What Information is Safe to Share With a Chatbot?

Remember how funny it was to talk to a chatbot on AIM back in the early 2000s? It was like free entertainment. Well, that was a simpler time. Today, chatbots are everywhere. They’re used for customer service on business websites and any time you use Google voice assistant or talk to Siri.

It’s gotten to the point where many people would rather talk to a bot than a human. Ubisend’s 2017 Chatbot Report found that 69 percent of people prefer a chatbot because they deliver instant answers.

Stranger danger?

When your parents told you not to talk to strangers way back when, they meant they wanted you to be careful about sharing your personal information. Talking to a chatbot is no different. You should act just like you would with any other stranger and be careful about what you say.

Illustration of woman holding smartphone talking to chatbot. pbs rewire
Don’t hand out your address to anyone, especially not to a strange conversational computer that can’t control the data it gathers.

It’s not human, but it can remember everything you talk about and keep that information stored for a long time.

This isn’t to say that chatbots are bad, but they’re often used to collect information. Businesses use the information to track customer behavior and make decisions about finances and sales. Woebot, a therapy bot, stores your progress to figure out what to help you with next.

Chatbots have endless uses and we shouldn’t be afraid of using them. However, we do need to be cautious about what we tell these little artificial intelligence bots. Here’s what you shouldn’t share with them.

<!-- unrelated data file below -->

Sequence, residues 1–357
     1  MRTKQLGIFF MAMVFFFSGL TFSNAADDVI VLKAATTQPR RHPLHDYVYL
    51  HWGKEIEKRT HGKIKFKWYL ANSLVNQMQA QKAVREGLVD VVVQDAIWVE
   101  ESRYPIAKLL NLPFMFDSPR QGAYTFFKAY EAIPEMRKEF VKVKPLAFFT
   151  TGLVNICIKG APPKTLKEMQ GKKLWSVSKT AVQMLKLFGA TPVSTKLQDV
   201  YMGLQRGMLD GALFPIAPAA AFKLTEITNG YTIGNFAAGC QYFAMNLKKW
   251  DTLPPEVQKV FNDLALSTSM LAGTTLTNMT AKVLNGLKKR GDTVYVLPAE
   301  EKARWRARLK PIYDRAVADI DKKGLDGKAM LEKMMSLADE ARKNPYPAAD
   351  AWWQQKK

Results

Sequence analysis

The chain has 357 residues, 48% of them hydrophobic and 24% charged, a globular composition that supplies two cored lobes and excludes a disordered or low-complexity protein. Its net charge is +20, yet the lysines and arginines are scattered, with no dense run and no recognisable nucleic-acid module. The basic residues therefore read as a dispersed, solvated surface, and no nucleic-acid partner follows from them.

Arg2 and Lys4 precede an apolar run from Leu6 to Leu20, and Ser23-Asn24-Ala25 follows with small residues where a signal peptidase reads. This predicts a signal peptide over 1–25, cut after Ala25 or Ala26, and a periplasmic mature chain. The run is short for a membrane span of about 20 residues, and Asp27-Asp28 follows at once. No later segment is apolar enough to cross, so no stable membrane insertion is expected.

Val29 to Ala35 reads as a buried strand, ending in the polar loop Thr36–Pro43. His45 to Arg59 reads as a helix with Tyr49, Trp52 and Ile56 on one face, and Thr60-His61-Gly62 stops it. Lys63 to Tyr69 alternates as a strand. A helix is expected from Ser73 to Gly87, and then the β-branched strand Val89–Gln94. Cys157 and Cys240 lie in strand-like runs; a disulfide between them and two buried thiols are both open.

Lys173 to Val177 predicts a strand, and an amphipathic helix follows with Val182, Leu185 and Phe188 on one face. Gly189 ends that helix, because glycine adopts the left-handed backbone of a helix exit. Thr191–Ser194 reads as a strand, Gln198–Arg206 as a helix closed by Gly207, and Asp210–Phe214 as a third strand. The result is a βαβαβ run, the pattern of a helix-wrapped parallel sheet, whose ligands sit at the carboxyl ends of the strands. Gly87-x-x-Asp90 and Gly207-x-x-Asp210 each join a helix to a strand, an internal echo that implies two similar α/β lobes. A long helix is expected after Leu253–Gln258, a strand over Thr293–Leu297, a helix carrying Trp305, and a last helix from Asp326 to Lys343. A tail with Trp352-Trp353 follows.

1. Full names

Let’s start out by saying that you shouldn’t give out your full name. And don’t give out those of parents, siblings, friends, enemies — basically, anyone.

It’s difficult to understand why we shouldn’t when our names are plastered all over social media. But the truth of the matter is that we have a little more control over it on social media sites. We have the option of making our account private and discoverable to only the people we choose, and social media sites have legal obligations and contracts we can refer to that protect us.

Chatbots, on the other hand, don’t always have the same legal obligations. Once you give one your name, it can do whatever it wants with it.

Some chatbots are created by credible sites, but not all are, and there’s really no way of knowing who’s behind each one. It’s better to play it safe and keep your name to yourself.

2. Email addresses

There are lots of hackers out there just waiting to get into our personal email accounts. You may not think it’s a big deal if someone hacks your email, but it could lead to massive problems down the road.

Your email is a form of online identification for creating and logging into any accounts, and it contains a lot of information about you. If you’ve ordered anything online, created a social media account or signed up for a streaming service with your email address, all of those things could be affected by a hacker.